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A Compilation of the Messages and Papers of the Presidents Volume 4, part 2: John Tyler   By: (1843-1914)

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In "A Compilation of the Messages and Papers of the Presidents Volume 4, part 2: John Tyler," James D. Richardson provides readers with a comprehensive look at the presidency of John Tyler. The book is well-organized and meticulously researched, offering a detailed account of Tyler's time in office.

Richardson does a thorough job of presenting Tyler's speeches, letters, and other official communications, allowing readers to gain insight into his policies and decision-making process. The book also includes historical context and analysis, making it a valuable resource for those interested in American history.

Overall, "A Compilation of the Messages and Papers of the Presidents Volume 4, part 2: John Tyler" is a well-written and informative work that sheds light on an often overlooked president. Richardson's dedication to preserving these important documents is evident throughout the book, making it a must-read for anyone interested in learning more about John Tyler's presidency.

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John Tyler

April 4, 1841, to March 4, 1845

John Tyler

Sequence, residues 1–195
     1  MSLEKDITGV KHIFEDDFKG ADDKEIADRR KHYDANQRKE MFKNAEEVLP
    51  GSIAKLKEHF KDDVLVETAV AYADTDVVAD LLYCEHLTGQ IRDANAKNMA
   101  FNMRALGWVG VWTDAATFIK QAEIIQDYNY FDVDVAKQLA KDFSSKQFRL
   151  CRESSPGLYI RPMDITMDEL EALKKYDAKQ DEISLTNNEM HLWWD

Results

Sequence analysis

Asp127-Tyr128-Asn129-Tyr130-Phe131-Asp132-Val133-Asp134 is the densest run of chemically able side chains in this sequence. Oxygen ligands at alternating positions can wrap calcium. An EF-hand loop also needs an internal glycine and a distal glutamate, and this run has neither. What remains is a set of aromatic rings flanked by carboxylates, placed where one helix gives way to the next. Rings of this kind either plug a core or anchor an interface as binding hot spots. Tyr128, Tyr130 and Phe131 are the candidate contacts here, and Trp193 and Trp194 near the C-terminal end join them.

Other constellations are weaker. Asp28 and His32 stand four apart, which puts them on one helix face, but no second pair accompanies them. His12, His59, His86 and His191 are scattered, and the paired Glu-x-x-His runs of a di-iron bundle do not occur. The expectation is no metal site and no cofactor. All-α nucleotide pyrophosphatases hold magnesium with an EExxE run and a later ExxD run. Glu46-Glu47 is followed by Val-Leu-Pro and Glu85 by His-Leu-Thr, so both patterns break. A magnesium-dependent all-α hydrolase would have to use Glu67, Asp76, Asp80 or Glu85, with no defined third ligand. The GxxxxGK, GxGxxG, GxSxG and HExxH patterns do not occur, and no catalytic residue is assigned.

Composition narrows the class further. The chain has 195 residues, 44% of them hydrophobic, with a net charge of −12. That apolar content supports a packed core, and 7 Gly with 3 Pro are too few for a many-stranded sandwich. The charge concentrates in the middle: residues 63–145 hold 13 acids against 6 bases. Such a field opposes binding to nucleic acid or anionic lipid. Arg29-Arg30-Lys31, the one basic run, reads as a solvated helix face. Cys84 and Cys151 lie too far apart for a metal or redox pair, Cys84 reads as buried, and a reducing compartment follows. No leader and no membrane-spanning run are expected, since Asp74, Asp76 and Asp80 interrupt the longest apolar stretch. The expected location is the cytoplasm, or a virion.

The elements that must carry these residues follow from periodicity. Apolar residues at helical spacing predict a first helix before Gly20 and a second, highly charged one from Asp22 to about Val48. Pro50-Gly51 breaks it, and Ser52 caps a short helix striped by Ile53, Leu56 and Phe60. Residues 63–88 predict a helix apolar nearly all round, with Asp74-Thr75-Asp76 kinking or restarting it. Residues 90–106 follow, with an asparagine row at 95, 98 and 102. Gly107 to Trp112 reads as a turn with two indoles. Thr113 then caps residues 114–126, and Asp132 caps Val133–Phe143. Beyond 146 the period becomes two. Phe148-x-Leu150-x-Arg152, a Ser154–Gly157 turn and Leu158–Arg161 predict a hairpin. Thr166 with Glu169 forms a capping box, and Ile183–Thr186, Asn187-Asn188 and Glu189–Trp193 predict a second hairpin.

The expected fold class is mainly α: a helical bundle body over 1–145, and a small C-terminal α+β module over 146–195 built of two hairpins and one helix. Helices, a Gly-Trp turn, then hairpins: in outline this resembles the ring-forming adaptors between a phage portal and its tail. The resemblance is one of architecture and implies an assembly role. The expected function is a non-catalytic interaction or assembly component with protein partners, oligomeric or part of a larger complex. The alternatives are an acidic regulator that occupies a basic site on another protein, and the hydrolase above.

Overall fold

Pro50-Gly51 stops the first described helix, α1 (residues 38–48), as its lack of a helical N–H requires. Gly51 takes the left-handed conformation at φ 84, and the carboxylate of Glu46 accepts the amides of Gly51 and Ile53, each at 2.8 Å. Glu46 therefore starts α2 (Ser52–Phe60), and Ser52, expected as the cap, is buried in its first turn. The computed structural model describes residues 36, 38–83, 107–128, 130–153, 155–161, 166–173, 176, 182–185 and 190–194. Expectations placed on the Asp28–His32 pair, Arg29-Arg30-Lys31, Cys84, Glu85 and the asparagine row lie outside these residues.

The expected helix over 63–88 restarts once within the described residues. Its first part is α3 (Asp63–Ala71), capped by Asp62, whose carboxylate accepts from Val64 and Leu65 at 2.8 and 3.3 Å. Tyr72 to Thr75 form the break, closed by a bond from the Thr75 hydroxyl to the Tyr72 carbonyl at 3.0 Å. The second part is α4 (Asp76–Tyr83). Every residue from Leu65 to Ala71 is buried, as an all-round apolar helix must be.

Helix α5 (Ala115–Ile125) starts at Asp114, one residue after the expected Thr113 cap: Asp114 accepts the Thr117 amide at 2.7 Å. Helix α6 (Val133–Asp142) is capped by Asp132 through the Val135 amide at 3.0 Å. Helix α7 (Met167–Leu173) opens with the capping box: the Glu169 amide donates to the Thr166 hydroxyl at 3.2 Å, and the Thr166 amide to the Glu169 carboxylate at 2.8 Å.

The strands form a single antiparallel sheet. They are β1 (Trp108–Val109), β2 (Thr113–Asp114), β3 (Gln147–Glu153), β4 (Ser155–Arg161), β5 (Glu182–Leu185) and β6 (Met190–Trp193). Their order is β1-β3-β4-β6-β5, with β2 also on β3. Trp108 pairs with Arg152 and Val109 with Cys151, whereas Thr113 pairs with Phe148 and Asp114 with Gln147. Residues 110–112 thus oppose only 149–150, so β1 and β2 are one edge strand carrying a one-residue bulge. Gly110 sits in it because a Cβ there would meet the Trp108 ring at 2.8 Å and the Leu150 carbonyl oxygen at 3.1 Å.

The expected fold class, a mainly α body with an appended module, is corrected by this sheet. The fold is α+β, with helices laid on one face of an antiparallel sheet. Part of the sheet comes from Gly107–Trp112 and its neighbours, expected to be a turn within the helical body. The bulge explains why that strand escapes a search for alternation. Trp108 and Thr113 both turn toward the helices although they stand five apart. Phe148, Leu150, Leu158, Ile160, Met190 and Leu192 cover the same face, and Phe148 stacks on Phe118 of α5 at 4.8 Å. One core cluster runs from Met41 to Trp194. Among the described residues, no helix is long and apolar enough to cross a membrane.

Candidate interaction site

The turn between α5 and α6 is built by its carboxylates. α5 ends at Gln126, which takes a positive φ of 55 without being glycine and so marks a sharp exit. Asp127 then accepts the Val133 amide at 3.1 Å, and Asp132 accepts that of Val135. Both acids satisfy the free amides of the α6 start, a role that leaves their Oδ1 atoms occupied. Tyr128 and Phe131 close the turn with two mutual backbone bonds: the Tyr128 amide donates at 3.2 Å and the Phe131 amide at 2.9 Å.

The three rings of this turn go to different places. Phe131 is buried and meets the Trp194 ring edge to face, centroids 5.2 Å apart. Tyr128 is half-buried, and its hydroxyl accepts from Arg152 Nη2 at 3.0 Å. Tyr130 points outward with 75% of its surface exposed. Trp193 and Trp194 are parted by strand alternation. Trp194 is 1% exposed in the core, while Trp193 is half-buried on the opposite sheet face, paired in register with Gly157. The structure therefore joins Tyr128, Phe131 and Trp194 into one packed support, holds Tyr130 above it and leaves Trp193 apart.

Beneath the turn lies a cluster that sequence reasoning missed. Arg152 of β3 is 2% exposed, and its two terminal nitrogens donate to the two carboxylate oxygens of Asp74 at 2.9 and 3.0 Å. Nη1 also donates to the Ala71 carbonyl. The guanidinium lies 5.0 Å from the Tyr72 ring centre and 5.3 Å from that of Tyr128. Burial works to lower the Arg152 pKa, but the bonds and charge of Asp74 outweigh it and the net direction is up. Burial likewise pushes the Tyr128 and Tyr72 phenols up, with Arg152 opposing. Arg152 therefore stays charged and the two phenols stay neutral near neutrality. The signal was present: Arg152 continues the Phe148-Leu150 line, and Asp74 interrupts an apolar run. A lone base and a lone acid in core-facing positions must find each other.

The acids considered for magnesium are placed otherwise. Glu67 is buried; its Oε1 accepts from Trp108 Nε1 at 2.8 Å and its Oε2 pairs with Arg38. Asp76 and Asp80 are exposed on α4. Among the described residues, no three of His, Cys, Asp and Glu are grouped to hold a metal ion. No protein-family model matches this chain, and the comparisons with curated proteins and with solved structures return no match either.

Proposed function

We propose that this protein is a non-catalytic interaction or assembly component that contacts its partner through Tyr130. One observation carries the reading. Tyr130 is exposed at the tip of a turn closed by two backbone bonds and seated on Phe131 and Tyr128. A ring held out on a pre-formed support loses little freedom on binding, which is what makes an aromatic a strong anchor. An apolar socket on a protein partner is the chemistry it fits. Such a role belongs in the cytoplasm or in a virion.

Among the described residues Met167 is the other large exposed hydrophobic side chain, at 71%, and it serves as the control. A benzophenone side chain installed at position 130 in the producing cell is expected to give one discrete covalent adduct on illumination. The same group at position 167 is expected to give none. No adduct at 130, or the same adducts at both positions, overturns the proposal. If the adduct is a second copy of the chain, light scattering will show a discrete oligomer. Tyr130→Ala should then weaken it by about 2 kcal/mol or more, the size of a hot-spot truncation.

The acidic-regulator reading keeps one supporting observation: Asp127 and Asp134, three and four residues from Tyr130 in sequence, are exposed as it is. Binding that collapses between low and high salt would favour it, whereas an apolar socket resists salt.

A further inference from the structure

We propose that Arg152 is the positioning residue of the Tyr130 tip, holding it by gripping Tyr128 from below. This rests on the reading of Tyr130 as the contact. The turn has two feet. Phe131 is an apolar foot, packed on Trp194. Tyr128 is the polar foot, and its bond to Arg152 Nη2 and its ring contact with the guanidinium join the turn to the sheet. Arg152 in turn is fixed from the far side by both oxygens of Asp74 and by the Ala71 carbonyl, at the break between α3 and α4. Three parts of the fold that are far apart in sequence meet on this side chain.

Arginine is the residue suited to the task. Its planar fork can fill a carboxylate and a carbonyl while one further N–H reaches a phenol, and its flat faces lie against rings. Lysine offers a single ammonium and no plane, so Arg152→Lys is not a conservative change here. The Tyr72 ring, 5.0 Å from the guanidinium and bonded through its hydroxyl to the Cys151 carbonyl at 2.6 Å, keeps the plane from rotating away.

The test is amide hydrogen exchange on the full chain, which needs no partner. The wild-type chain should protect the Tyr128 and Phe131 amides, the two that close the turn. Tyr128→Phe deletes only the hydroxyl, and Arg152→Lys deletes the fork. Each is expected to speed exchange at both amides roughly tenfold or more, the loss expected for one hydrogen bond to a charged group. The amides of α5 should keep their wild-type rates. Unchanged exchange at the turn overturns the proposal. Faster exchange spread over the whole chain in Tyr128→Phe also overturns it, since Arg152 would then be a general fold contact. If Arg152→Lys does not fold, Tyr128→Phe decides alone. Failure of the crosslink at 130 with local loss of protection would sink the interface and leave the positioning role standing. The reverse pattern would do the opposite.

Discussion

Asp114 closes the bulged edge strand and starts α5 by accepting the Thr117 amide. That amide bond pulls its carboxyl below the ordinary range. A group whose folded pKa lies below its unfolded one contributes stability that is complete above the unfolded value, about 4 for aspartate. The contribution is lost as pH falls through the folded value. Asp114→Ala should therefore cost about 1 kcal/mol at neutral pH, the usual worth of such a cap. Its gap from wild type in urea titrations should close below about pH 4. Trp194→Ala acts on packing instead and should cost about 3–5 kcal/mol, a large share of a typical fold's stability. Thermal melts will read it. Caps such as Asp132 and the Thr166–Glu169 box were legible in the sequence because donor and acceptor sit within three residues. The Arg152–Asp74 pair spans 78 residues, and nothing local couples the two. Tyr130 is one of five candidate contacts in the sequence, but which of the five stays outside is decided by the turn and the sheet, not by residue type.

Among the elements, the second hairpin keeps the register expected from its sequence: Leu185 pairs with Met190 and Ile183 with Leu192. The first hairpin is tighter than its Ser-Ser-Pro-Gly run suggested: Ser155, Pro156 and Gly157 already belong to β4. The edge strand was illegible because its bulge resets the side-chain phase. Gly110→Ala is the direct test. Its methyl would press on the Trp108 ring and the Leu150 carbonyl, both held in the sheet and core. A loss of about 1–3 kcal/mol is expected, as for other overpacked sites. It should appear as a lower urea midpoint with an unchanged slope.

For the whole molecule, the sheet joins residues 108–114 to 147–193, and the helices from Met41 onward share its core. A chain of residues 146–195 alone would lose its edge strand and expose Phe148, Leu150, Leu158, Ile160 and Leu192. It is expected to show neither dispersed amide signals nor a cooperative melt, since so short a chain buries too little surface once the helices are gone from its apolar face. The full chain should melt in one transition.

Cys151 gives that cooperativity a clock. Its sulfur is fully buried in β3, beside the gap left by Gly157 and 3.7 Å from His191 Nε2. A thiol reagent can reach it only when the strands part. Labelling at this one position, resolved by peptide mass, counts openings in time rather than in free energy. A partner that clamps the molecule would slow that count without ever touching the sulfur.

JOHN TYLER, second son of Judge John Tyler, governor of Virginia from 1808 to 1811, and Mary Armistead, was born at Greenway, Charles City County, Va., March 29, 1790. He was graduated at William and Mary College in 1807. At college he showed a strong interest in ancient history; was also fond of poetry and music, and was a skillful performer on the violin. In 1809 he was admitted to the bar, and had already begun to obtain a good practice when he was elected to the legislature. Took his seat in that body in December, 1811. Was here a firm supporter of Mr. Madison's Administration; and the war with Great Britain, which soon followed, afforded him an opportunity to become conspicuous as a forcible and persuasive orator. March 29, 1813, he married Letitia, daughter of Robert Christian, and a few weeks afterwards was called into the field at the head of a company of militia to take part in the defense of Richmond, threatened by the British. This military service lasted but a month. He was reelected to the legislature annually until, in November, 1816, he was chosen to fill a vacancy in the United States House of Representatives. Was reelected to the Fifteenth and Sixteenth Congresses... Continue reading book >>

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